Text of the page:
It’s winter and the new semester either has started or will be starting shortly. This week, I thought I’d compile some resources for those colleagues who may be making their finishing touches on their syllabi. These aren’t intended to encourage anyone to throw out the syllabus they’ve worked for years to refine. Instead, these are designed to foster reflection and analysis that may prompt some minor changes.
1. What does your syllabus say about you and your course? From the Teaching Professor’s Faculty Focus blog archives, Dr. Maryellen Weimer shares a handful of driving questions intended so that instructors can examine their syllabi more holistically. The post also includes a short video clip where Dr. Weimer explains syllabus construction in detail.
2. Wondering about the research on technology usage in class? Laptop and tablet usage always seems to be a hot-button issue with instructors. In two blog posts I’ve written over the last year or so, I examine the research on using laptops in classroom settings and how it impacts student learning. Check out Ban that Student Laptop? and Ban that Student Laptop? Revisiting the issue for detailed analysis of the research on student technology use.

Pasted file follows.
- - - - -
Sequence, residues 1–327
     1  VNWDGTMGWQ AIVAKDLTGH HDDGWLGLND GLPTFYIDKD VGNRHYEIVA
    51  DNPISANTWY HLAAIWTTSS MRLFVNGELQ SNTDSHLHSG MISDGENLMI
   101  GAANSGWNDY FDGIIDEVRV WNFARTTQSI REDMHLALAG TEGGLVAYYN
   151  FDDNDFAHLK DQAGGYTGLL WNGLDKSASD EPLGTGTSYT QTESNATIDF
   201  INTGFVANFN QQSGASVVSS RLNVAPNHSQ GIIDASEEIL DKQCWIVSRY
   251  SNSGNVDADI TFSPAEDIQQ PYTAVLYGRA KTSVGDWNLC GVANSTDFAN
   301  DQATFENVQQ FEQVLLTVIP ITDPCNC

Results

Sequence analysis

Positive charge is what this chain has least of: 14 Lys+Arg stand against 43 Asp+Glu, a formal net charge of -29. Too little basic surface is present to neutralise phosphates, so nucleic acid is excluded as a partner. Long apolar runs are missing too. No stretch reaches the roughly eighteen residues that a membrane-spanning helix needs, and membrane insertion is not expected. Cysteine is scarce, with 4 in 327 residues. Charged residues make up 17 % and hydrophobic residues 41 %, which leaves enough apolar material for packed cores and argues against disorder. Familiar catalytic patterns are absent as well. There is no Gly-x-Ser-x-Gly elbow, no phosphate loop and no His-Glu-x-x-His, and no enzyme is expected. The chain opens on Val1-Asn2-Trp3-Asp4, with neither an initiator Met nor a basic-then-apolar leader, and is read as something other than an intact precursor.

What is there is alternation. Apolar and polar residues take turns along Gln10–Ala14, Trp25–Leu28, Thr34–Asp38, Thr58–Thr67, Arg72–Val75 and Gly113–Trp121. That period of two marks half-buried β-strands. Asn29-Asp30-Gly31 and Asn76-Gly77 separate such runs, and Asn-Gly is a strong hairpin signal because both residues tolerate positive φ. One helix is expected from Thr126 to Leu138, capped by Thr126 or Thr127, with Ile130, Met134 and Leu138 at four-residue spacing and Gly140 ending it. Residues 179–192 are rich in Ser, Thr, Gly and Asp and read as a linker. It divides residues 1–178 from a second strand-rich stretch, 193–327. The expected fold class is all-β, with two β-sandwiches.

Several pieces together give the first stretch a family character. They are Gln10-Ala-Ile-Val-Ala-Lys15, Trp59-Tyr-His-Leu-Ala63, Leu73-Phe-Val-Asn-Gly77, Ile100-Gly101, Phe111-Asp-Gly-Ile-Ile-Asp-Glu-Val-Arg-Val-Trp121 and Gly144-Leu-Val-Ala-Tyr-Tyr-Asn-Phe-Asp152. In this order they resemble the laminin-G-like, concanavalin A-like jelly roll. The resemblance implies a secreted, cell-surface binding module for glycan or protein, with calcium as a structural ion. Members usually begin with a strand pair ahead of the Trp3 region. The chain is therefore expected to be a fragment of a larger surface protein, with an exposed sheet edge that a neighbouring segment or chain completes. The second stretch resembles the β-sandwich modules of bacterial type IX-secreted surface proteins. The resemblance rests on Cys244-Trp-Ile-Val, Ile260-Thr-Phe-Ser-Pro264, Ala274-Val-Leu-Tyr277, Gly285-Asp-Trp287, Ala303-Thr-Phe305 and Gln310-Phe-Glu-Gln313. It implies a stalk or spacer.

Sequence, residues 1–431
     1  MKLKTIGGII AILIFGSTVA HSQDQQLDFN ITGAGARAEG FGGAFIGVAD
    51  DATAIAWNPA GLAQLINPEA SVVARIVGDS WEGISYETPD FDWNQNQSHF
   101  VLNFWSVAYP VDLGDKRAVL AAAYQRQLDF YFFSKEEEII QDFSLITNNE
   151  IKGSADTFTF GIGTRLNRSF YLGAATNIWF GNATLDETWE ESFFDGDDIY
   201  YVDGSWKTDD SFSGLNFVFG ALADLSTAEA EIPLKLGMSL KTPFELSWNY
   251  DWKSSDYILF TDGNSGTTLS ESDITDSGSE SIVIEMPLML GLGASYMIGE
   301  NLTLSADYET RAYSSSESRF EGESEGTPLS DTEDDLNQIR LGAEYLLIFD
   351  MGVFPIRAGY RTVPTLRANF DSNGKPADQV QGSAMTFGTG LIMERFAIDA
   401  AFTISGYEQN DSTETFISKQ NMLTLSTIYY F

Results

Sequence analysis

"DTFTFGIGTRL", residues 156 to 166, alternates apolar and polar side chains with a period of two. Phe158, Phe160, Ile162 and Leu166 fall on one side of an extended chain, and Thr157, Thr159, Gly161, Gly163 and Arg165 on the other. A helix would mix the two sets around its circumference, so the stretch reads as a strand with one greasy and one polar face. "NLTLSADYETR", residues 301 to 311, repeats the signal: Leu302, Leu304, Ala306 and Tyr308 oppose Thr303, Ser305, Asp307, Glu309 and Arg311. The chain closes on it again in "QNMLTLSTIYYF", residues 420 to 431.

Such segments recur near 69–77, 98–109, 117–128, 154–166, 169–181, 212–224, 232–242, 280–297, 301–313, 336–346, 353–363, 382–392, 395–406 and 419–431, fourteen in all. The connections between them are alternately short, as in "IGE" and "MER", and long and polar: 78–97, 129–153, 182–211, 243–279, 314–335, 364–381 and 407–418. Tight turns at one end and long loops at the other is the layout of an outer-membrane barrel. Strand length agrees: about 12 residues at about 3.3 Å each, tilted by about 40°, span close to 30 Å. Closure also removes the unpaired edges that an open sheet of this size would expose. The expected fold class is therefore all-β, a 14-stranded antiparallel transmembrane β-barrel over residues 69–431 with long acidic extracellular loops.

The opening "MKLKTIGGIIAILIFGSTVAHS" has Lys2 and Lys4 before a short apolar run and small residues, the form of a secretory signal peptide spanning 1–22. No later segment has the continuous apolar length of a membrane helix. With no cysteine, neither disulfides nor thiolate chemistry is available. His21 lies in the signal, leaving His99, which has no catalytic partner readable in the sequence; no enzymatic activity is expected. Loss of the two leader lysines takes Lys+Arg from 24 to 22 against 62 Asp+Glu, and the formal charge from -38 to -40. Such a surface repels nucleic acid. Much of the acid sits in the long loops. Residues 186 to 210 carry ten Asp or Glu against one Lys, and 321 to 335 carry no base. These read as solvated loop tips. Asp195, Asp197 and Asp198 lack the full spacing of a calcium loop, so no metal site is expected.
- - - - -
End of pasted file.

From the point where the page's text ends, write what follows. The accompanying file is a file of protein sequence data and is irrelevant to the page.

3. Are you considering expanding your office hours to include synchronous tools? In a blog post I wrote a few years ago, I outline several online tools that instructors can use to move their office hours online and better reach their students.
4. How are you using class time in your course? Google workers follow an 80/20 policy where they are given 20% of their time to work on projects of their own choosing. In a blog post from 2013, I discuss the impact of following a similar procedure in collegiate classrooms.
5. Are you starting from scratch? The University of Minnesota’s Center for Teaching and Learning has created a short tutorial that walks new instructors through the syllabus development process. While some of the information is specific to the University of Minnesota, the tutorial provides a great walk through for new instructors who may be designing a syllabus for the first time.
6. What does the tone of your syllabus say to your students? In this study published in Social Psychology of Education, researchers examine the impact of syllabus tone on student perceptions of instructors. Students perceived “warm syllabi” as communicating that the instructor was more approachable and more motivated to teach the class. Specific examples of “warm” and “cold” language are provided in the full study.
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